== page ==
Congratulations to the Integrative Health & Wellbeing Research Program of the University of Minnesota, in partnership with the University of Pittsburgh and the University of Washington. They received a $14 million grant from the National Institutes of Health to conduct a landmark study on nondrug therapies, including chiropractic, to prevent chronic back pain.
by Mike Whitmer in We Take Care of Our Own on Thursday, October 26, 2017
It's the largest federal grant for research led by chiropractors, and NCMIC and the NCMIC Foundation were pleased to have provided the seed money to conduct this study. According to the program’s lead investigator Gert Bronfort, D.C., Ph.D., the grant, “…would not have become a reality without the support of NCMIC.”
This is one of the first studies to address how spinal manipulation can prevent acute low back pain from becoming chronic and to address how chiropractors can help patients become less reliant on pain medications, including opioids.
According to the National Institutes of Health, one in five cases of acute low back pain becomes chronic. “Back pain is right in the center of the opioid crisis. We need to take a step back and consider other options that truly address patients’ needs and enable them to safely and effectively manage their pain,” said Roni Evans, D.C., Ph.D., an investigator on the study and director of the research program. “Rigorous, high impact research like this has the potential to firmly place chiropractors at the front line of care for the prevalent, costly and disabling spine pain conditions,” added Bronfort.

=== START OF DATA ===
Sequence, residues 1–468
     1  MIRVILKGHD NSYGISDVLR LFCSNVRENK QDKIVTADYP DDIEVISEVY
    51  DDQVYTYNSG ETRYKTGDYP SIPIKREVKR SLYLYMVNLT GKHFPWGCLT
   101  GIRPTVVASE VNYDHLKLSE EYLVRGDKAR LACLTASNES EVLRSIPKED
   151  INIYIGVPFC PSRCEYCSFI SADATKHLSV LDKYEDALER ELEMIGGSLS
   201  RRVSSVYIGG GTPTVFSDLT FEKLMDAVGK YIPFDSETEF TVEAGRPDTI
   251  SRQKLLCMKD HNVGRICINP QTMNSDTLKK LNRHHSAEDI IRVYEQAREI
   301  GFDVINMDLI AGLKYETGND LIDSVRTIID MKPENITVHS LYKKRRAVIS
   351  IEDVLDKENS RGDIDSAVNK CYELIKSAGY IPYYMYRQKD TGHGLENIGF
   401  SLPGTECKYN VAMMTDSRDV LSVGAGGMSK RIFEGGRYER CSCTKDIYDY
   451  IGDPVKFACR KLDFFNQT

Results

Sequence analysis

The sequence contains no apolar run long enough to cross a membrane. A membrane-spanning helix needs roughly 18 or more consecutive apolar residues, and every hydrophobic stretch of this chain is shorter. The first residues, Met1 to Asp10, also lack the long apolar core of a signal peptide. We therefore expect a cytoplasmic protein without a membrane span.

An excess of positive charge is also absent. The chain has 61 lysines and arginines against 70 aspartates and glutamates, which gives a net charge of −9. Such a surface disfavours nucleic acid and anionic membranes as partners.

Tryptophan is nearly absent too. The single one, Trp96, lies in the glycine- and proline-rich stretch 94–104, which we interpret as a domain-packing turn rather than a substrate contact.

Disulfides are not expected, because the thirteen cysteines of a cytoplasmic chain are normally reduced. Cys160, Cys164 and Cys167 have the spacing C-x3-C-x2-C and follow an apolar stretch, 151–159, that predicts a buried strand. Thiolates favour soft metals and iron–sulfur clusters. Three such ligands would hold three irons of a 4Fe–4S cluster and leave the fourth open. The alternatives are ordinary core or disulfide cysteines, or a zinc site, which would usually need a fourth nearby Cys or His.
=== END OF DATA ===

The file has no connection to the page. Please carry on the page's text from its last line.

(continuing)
NCMIC has funded $14.8 million in support of chiropractic research and education since 1995, and its leadership has been pivotal in making it happen. Louis Sportelli, D.C., and Wayne Wolfson, D.C., guiding the NCMIC Foundation and NCMIC, are committed to funding research because they understand it will lead to better patient outcomes, increased access and improved reimbursement.
At NCMIC, we are proud to champion the chiropractic profession and continually invest in research. Find out more about the NCMIC Foundation.
Other collaborators on the research project include Oregon Health and Sciences University, Duke University and the University of North Texas.